Our field studies of natural behavior are tightly integrated with our efforts
to uncover how sensory and motor systems are used to generate and control
behavior. We measure the electrosensory consequences of social interactions
in natural settings to obtain new insights in both how to probe the nervous
system and how to interpret neural results.
A sonogram showin the electrical interactions of three Eigenmannia
in a stream in the Ecuadorian Amazon basin.
More recently we've been examining
locomotor behavior in the natural habitat in
relation to social and other cues.
JW Player goes here
A short video showing the movements of two
Brachyhypopomus in Orchidea creek at Sacha Lodge, Ecuador.
Our field work also has important technological, conservation, and teaching components.
We have been developing and deploying low-cost monitoring systems for weakly electric
fishes that can be used in conservation efforts in sensitive Amazon habitats. We also
involve local students and scientists in every aspect of this work.
| ||Stamper, S.A., Carrera-G, E., Tan, E.W., Fugere, V., Krahe, R., and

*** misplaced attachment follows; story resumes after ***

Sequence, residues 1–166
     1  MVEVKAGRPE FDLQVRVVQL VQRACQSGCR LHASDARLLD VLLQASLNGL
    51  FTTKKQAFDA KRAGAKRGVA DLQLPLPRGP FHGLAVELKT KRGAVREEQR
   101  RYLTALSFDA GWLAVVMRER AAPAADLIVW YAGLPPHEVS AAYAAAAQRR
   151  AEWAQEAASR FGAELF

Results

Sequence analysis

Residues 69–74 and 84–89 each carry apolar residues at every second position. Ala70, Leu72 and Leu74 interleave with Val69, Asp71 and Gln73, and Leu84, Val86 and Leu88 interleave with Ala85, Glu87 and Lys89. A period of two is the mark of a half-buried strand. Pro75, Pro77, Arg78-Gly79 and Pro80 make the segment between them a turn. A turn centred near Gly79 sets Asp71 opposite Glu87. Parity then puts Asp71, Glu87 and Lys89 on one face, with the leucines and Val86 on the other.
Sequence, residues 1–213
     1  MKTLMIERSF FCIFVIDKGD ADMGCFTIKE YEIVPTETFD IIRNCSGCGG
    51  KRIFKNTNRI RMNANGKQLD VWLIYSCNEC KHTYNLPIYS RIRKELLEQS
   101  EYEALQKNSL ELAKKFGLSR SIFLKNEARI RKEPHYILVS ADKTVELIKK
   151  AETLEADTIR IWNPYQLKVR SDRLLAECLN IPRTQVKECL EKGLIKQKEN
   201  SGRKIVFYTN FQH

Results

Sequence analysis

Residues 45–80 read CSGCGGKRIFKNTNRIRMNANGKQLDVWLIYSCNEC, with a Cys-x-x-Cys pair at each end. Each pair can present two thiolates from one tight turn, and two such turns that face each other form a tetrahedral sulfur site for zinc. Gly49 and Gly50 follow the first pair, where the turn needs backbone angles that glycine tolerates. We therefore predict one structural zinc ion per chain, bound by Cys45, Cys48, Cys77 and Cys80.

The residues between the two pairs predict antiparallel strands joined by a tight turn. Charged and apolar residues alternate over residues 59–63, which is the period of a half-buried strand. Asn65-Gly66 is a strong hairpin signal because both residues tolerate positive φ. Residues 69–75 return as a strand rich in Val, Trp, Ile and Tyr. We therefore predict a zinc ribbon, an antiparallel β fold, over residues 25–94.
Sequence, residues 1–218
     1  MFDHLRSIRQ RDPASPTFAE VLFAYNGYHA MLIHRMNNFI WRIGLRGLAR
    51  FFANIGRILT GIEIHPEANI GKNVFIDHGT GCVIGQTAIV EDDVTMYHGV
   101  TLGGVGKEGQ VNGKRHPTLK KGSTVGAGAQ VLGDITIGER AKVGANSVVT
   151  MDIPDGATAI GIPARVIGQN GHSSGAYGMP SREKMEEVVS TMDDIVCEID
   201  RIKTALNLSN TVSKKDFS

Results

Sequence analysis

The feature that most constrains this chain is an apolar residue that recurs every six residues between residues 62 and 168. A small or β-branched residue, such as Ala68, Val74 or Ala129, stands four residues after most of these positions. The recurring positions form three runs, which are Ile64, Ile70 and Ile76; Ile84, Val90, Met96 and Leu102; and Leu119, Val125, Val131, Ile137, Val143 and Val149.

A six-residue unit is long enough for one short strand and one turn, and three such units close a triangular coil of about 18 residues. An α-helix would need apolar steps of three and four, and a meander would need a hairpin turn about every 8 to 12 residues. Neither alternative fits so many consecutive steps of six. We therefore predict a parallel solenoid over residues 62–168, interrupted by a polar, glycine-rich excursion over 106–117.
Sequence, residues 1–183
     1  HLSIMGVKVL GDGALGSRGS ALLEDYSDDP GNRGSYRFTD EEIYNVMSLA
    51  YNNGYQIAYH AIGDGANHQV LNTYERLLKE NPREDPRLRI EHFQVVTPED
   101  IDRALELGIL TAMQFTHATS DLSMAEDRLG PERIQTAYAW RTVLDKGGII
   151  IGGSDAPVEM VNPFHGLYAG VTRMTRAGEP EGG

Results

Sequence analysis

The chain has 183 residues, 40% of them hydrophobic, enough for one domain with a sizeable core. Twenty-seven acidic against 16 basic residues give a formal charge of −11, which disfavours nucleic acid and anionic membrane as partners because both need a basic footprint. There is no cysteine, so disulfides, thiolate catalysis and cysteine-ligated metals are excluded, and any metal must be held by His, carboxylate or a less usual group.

E.S. Fortune (2010) Species differences in group size and electrosensory
interference in weakly electric fishes: Implications for electrosensory
processing. Behav Brain Res., PMID:19874855.
|| We describe the
electrosensory structure of multi-species flocks of Gymnotiform fishes along
the Napo River in eastern Ecuador.
We find that Apteronotus form groups of conspecifics, whereas
Sternopygus are most commonly found alone. Interestingly, groups of 3 or
more Apteronotus appear to not produce low-frequency 'envelopes' in the
combined electric field. We believe that such envelopes might impair
electrosensory function, and thus the fish may employ some currently unknown
behavior to avoid the potentially detrimental envelopes.
|| Tan, E.W., Nizar, J.M., Carrera-G, E., and E.S. Fortune
(2005) Electrosensory interference in naturally occurring aggregates of a
species of weakly electric fish, Eigenmannia virescens. Behav. Brain
|| Characterizes the
electric fields that are most commonly experienced by Eigenmannia both
in the upper Amazon of Ecuador and in laboratory settings. Eigenmannia
are preferentially found in groups and experience ongoing high-frequency (> 20
Hz) global oscillations.